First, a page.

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May 2000
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Bike Ride to Delft
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Bike Ride to Delft
Sunday, May 21, 2000; posted by Paris

Lisa and I rode the 9 miles from The Hague to Delft this past Saturday. The roads are not always clearly marked, and they frequently change to a different name throughout their stretch. This meant a 1:30+ ride there and back.

We started around 4:30pm and got to the city center by 6:30 (we made a wrong turn in Den Hoorn. It didn't matter because it was such a beautiful day and every wrong turn provided us with an even more detailed experience. Besides, there was no rush since "we have nothing else to do". We had more than enough daylight to get home because the sun does not set until after 10:00pm.

We rode on the bike paths that crisscross the countryside. We went down main thoroughfares and through the countryside. The smell of flowers and evergreens and nature in general was great.

From a distance we saw the spires of the churches of the old city center and knew we had finally found our goal.

The cobblestone streets that lined the canals were calm. We did not get to go into any of these buildings, but have plans to do that in the future.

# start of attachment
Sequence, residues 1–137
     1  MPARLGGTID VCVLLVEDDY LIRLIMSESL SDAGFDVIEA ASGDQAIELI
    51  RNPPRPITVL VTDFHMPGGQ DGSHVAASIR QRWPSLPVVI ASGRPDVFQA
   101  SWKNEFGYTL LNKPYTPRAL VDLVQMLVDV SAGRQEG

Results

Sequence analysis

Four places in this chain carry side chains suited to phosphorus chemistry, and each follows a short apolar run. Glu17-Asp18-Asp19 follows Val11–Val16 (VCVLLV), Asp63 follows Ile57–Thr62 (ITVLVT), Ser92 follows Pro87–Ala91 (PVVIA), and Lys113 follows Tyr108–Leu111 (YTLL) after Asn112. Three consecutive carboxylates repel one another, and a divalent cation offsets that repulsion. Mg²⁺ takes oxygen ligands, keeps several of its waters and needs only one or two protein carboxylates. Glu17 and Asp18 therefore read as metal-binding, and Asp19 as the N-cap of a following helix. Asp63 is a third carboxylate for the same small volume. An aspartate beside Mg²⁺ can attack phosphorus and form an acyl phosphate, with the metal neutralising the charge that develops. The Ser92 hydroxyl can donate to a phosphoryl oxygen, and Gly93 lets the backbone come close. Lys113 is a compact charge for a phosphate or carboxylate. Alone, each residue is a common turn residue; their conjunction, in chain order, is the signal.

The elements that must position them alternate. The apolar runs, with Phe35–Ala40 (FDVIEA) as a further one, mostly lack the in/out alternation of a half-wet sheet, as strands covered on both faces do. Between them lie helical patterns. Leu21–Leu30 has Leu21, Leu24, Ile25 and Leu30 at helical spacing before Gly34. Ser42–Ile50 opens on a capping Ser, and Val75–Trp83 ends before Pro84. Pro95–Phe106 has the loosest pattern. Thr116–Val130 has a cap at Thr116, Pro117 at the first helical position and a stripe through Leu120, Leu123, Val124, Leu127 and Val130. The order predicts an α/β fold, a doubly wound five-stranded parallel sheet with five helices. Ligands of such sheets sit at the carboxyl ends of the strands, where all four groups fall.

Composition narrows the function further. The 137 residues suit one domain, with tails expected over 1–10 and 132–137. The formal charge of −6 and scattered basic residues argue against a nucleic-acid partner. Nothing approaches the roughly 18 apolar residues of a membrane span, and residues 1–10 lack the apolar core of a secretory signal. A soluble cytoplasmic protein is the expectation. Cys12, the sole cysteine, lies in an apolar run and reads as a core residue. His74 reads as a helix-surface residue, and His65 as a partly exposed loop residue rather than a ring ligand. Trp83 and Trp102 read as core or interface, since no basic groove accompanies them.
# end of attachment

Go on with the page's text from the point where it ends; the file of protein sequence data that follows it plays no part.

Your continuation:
One area not pictured here is the beautiful Het Prinsenhof (Prince's Court), originally built as a convent in the 15th century and was used by William of Orange as his residence in the 1570's. The old buildings wrap around a lush garden of old, tall trees bordering an open garden with shrubs and flowers growing in geometric patterns.

This is a composite picture of the market square and the Nieuwe Kerk taken from the steps of the Stadhuis. We had a snack in a café on the right side of the square, at the foot of the Nieuwe Kerk. The time was told by the ringing of the church bells.

Nieuwe Kerk (New Church) has many of the Dutch monarchs from the House of Orange buried in its royal crypt. This stands across from the Stadhuis on the market square.

Oude Kerk (Old Church) - founded in 1200 is the oldest church in Delft. If you look closely at this picture you can see how the tower actually leans in four directions at once. The bell tower contains the largest carillon bell in the Netherlands, weighing 20,000 lbs. Across from the church is the Het Prinsenhof.

A foto for Lisa's cousin Bill. One of the narrowest streets we have found so far. The name is Schoolstraat.

Stadhuis (Town Hall) is on the market square (opposite the Nieuwe Kerk) was built from 1618-1620. The medieval tower attached dates from the late 13th century and was originally from a count's court that was taken into service as the town hall in the 15th century. Behind this building (not shown) is a row of buildings that were important commerce sites, and now serve as restaurants.